Dozens of French towns to arm local police as mayor says non-lethal weapons not enough
"Along the Promenade des Anglais [in Nice] the municipal police and the national police had the same mission – to stop a crazed vehicle or murderer,” said Francois Bayrou, the mayor of Pau.
“Our weapons against incivility, such as the Taser or the flash-ball, are obviously worthless in stopping a vehicle," he added, according to franceinfo.fr.
The Pau mayor has decided to give guns to some 35 municipal police officers. Bayrou noted that 75 percent of those who will be given the arms “were either in the police or in the national police or in the army, and are therefore trained in handling the weapons.” All the officers are required to undergo 57 hours of training to obtain authorization.
The mayors of the small French towns of Belfort and Thonon-les-Bains also earlier decided to allow local law enforcers to carry guns – joining municipal police officers in the towns of Romilly-sur-Seine, Saint-Quentin and Puy-en-Velay, who were previously authorized to carry arms, BFM reported.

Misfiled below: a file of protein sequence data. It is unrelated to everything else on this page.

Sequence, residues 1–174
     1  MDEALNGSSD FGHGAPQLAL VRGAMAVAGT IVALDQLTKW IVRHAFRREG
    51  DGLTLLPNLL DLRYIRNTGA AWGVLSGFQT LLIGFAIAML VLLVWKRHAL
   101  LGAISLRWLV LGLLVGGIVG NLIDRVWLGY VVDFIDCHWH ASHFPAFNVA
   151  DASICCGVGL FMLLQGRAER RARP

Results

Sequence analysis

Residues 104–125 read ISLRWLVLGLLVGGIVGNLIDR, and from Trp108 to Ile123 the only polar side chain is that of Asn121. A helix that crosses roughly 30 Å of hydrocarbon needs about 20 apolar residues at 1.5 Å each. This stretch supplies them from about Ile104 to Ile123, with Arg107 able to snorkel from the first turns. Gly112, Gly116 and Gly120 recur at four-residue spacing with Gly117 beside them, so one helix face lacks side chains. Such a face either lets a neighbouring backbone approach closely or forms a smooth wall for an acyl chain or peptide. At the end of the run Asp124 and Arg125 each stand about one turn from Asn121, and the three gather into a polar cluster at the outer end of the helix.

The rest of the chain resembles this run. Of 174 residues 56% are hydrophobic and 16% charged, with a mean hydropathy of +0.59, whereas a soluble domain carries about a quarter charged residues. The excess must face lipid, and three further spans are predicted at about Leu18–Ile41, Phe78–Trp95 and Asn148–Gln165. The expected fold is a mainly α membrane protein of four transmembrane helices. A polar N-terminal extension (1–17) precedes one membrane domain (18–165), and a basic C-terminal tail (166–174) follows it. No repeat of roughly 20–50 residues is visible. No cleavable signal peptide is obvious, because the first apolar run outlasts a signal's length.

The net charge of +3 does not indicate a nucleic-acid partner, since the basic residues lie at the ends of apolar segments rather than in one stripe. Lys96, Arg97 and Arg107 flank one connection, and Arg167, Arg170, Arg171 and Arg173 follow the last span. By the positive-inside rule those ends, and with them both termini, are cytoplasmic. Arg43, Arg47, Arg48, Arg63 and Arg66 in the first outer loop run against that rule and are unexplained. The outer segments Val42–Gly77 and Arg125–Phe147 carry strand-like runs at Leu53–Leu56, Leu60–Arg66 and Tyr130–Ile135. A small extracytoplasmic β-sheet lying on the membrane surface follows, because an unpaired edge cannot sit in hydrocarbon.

The law allows for the municipal police in France to carry arms, but the decision has to be taken individually by each mayor. The mayors of Nantes and Besancon have decided against arming local police.
As things stand, of the approximately 20,000 municipal French police, "fewer than half are armed," Cedric Michel, the national president of the municipal police defence union (SDPM), told Le Figaro last month.
In June, France relaxed gun rules for its police force, allowing officers to carry firearms while off-duty. The policy change came just days after a police couple was murdered by a jihadist in a Paris suburb.
France is currently under a state of emergency, first declared by President Francois Hollande hours after the Paris attacks in November last year. It was renewed for the fourth time following the Nice attack last month.
Human Rights Watch has slammed the French parliament’s decision to prolong the country’s state of emergency for six months, saying the move “undermines human rights and the rule of law."
“A rolling state of emergency risks trampling rights and eroding the rule of law and sets a dangerous precedent for abuse elsewhere,” said Letta Tayler, senior terrorism and counterterrorism researcher at Human Rights Watch.
“While the French authorities have a duty to protect people from heinous attacks like the ones in Nice and Paris, they should use these powers in the least restrictive way and for the shortest time possible.”